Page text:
Boeing Frontiers
May 2003
Volume 02, Issue 01
Top Stories Inside Quick Takes Site Tools
Commercial Airplanes


Boeing's proposed new 7E7 also will be given a name to help convey its unique attributes and performance


7E7What's in a name? Well, that's what Boeing Commercial Airplanes wants to find out, so it's going straight to the people who would know best: the citizens of the world.

Through a special Internet promotion with AOL Time Warner Inc., and The Sunday Times of London, Boeing has invited people around the globe to become more involved than ever in the development of the 7E7, the next all-new Boeing commercial airplane.

The effort, launched May 5, is designed to seek votes for the official airplane name and provide a first look at the exterior concepts under consideration to enhance the airplane's appearance and performance.

"When people see the '7' designation they know they can expect another great Boeing airplane," said Rob Pollack, vice president of Branding for Boeing Commercial Airplanes Marketing. "Numeric identifiers like these are tremendous visual assets for our airplanes, but they don't automatically communicate what's special about the model.

"So, selecting a name we will use in addition to the 7E7 number gives us an opportunity to tell people what's unique about the airplane. We want people from all over the world to be part of the team that tells that story."

Anyone who visits the promotion Web site can vote for any of four candidate names: Dreamliner, eLiner, Global Cruiser and Stratoclimber. A team led by Boeing Commercial Airplanes Marketing cultivated a variety of internal and external sources to generate ideas. An external naming consultant and numerous employees offered several ideas for names that the team thought would best fit the brand Boeing wants to create for the 7E7. The team also reviewed the names for legal and cultural sensitivity considerations before choosing the final four.

Kids can vote, too!

Boeing is also promoting the "Name Your Airplane" voting and sweepstakes to some of today's youngest fliers: schoolchildren across the United States. On May 5, more than 2 million youngsters in grades 4 to 6 will receive a special eight-page TIME For Kids supplement titled "New Dream Takes Wing." The magazine describes the history and concepts of flight and provides information on entering the sweepstakes. About 88,000 teachers will receive a guide and foldout poster to help them explain the contents of the supplement to their students. Students need their parents' permission to enter the naming sweepstakes.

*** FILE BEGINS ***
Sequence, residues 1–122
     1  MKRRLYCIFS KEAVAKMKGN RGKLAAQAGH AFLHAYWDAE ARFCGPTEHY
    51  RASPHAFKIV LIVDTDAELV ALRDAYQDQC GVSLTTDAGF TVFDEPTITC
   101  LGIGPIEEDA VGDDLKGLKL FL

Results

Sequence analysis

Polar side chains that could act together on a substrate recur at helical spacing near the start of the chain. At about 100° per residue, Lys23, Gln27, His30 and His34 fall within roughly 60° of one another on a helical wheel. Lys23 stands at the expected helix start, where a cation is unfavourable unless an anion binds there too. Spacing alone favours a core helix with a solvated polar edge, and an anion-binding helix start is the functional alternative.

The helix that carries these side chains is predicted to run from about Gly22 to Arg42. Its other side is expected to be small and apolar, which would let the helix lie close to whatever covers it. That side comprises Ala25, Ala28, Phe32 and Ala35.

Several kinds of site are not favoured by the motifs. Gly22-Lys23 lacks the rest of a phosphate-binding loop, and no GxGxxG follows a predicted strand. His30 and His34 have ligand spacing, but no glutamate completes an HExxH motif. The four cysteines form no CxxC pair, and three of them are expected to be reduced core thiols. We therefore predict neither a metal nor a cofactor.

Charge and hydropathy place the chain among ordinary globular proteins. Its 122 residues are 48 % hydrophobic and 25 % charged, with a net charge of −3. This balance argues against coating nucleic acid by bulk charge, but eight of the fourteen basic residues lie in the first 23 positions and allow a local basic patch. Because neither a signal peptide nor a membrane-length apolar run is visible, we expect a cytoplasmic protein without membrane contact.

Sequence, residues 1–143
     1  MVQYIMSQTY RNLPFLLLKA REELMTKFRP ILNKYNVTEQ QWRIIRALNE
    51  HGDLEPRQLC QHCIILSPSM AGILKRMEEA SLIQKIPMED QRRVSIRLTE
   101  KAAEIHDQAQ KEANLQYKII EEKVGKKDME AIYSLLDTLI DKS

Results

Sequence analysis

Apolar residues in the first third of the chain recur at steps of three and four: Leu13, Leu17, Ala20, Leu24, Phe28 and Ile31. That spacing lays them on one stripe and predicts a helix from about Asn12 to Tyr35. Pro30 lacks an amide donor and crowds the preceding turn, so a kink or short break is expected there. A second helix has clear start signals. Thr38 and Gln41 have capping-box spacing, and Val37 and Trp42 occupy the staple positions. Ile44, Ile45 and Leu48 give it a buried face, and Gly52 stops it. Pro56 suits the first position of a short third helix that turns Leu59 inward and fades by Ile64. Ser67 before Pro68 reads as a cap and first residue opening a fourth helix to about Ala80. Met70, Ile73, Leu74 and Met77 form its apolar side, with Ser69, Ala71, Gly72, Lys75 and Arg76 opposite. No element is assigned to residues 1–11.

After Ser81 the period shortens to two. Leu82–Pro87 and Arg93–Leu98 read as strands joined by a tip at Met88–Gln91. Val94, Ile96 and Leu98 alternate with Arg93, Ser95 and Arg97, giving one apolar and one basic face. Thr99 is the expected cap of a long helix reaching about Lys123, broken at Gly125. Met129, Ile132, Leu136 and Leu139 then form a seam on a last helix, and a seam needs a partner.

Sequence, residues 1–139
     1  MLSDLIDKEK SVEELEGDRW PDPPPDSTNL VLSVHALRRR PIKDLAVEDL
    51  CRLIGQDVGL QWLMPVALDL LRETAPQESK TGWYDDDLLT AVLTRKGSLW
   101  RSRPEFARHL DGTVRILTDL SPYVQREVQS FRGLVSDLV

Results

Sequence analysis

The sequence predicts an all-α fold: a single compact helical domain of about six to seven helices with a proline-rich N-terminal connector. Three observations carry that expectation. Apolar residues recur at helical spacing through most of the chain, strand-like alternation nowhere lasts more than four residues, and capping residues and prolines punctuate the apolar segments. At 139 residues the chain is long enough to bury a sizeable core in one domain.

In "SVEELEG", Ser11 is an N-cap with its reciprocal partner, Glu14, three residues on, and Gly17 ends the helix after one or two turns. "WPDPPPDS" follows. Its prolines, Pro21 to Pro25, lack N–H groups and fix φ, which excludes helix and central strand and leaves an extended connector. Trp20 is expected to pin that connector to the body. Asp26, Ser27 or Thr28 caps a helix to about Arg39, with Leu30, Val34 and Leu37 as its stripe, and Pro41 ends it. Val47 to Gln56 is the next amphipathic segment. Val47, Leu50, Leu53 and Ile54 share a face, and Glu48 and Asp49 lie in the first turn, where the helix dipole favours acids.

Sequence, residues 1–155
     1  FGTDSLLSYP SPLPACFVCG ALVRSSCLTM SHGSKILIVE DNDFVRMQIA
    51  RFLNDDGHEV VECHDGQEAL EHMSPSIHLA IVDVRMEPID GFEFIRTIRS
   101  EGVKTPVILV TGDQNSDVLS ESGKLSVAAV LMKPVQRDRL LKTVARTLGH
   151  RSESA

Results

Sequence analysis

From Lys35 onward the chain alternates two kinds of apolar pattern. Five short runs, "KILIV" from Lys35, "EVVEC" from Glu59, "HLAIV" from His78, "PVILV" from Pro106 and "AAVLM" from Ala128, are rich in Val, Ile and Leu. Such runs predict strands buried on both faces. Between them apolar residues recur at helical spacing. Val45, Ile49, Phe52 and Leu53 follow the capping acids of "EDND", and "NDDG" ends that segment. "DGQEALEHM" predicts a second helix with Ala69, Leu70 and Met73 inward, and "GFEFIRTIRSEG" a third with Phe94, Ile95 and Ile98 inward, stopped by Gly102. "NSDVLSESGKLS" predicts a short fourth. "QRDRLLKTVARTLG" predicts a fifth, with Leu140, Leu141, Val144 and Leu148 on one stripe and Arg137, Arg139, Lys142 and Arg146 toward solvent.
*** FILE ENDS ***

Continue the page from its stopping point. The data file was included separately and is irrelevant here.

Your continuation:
Boeing estimates that a million or more people might participate in the voting, which is all done online. An exception to the electronic-only method will be made for school-children across the United States; they will receive entry forms in a special supplement of TIME for Kids magazine. Ballots can be cast at the promotion site (, which is accessible directly or through AOL (keyword Boeing), between May 5 and June 3. The promotion site also provides a chance to join the World Design Team, a group of people from around the globe eager to share in the excitement of creating the passenger-friendly airplane of the future. Boeing will send these people regular updates on the progress of the new airplane and will ask for their inputs to improve the passenger experience.

People who visit the promotion Web site also will be able to enter a sweepstakes to win a two-hour "trip" flying a Boeing 737-700 full-motion flight simulator, complete with flight instructor. Citizens of five additional countries (China, France, Germany, Japan and the United Kingdom) may also elect to participate in an electronic sweepstakes separate from the one conducted in the United States. People in all other countries are not eligible to participate in the sweepstakes, but they may still go online to vote for their favorite new name. The grand prize is the same for all sweepstakes winners in each participating country. A feature on the winners will appear in the July issue of Boeing Frontiers.

Sweepstakes regulations prohibit Boeing employees and their immediate families from participating in the public sweepstakes, so Boeing has created a separate sweepstakes just for them on a special site (

Only Boeing employees who reside in the United States at the time of the sweepstakes are eligible. The top prize in this sweepstakes is also a two-hour ride in a Boeing 737 simulator.

"We are looking at our new airplane as an opportunity to change the way we do business," Pollack said. "This means more than the way we interact with airlines. It means that we are going to engage the world in this effort. This is just the first step. You can expect to see a whole new approach to how we tell the world about the airplane and encourage participation and feedback in the work we are doing."


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